***Caroline Heim is an Associate Professor in Drama in the Creative Industries Faculty at QUT. Caroline’s PhD (University of Queensland) explored and trialled a new model for post-performance discussions. Her primary areas of research are theatre audiences and actor-audience psychological conversations. Caroline has written two books: Audience as Performer: The Changing Role of Theatre Audiences in the Twenty-First Century (Routledge, 2016) and Actors and Audiences: Conversations in the Electric Air (Routledge, 2020). Her forthcoming book Building Resilient Realtionships: Hyperindividuality, Social Isolation and the Mental Health Crisis will be published in Routledge’s Mental Health Professionals series in 2022. She has published in various international journals. Before entering academia, Caroline graduated from the American Academy of Dramatic Art in New York with a Drama League Award. She worked as a performer on the New York and major U.S. capital city stages in lead roles for seven years.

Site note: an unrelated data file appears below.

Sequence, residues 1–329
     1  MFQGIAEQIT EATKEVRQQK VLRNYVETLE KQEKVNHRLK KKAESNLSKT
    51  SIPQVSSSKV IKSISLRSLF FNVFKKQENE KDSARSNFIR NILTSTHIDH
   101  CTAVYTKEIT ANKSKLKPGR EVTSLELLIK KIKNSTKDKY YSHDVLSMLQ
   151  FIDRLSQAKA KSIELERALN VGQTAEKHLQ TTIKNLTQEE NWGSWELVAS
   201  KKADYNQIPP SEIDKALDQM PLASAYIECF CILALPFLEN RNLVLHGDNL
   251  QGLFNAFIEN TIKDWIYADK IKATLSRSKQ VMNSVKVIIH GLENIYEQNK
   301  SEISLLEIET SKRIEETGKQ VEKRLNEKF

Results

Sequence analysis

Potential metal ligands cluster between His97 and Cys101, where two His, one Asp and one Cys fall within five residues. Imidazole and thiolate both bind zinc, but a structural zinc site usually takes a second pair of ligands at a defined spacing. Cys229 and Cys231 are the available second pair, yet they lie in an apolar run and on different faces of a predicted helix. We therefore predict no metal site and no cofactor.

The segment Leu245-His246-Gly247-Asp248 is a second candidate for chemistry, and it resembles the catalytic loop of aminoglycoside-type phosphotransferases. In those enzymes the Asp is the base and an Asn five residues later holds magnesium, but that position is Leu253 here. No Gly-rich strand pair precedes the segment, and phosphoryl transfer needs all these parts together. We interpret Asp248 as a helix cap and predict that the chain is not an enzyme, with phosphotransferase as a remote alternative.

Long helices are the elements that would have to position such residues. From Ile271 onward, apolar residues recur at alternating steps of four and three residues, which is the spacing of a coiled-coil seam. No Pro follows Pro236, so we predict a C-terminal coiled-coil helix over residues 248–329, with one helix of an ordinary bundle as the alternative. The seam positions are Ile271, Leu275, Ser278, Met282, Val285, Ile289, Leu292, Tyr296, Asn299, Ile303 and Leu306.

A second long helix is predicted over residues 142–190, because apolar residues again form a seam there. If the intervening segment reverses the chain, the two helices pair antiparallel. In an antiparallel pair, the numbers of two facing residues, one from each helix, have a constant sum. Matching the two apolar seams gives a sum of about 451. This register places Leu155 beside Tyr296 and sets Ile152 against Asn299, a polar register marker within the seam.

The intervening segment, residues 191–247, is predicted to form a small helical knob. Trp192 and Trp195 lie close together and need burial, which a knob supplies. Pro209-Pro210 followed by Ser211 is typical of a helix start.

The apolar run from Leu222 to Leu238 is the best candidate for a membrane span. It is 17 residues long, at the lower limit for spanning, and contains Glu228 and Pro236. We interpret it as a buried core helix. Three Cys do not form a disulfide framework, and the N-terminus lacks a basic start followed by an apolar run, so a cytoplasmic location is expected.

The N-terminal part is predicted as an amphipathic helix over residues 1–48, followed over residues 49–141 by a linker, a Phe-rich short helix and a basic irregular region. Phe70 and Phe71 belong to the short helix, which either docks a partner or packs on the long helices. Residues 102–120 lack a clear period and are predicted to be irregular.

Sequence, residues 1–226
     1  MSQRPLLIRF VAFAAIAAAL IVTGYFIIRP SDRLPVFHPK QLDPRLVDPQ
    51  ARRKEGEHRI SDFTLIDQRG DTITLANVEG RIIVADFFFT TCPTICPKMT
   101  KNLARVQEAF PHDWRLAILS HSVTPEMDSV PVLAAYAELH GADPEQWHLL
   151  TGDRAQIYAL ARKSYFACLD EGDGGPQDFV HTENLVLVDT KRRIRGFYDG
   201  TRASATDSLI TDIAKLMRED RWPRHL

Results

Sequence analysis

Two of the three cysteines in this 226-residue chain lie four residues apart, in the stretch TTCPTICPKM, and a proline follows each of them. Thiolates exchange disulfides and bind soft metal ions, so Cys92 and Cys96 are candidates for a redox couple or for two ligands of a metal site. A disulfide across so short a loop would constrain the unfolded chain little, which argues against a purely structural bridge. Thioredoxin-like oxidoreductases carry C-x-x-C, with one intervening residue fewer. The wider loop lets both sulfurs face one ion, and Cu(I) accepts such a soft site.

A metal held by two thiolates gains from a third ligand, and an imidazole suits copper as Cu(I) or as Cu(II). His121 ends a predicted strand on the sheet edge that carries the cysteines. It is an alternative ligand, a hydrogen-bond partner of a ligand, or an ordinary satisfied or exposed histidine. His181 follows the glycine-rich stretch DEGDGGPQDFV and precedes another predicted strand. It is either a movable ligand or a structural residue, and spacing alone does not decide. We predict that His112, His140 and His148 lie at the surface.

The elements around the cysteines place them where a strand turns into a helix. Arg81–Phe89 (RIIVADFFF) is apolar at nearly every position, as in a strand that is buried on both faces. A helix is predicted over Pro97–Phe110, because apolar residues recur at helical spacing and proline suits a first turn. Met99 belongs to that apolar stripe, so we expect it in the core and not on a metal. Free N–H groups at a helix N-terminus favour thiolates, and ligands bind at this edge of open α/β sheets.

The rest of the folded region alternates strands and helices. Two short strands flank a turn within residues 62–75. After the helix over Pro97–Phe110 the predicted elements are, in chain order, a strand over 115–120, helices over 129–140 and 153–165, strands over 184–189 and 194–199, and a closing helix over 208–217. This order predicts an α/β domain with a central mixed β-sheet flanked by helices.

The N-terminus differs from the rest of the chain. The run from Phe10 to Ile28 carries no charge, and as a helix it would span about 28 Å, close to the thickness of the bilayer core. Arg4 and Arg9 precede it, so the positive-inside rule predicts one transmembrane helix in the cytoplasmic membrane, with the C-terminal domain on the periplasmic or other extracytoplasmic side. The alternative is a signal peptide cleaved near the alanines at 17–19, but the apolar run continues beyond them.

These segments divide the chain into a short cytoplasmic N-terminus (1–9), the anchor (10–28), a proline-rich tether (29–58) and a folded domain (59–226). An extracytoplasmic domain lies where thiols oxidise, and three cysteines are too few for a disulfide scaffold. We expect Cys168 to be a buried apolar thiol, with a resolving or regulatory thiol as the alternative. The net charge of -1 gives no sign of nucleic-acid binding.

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Critical Stages/Scènes critiques e-ISSN: 2409-7411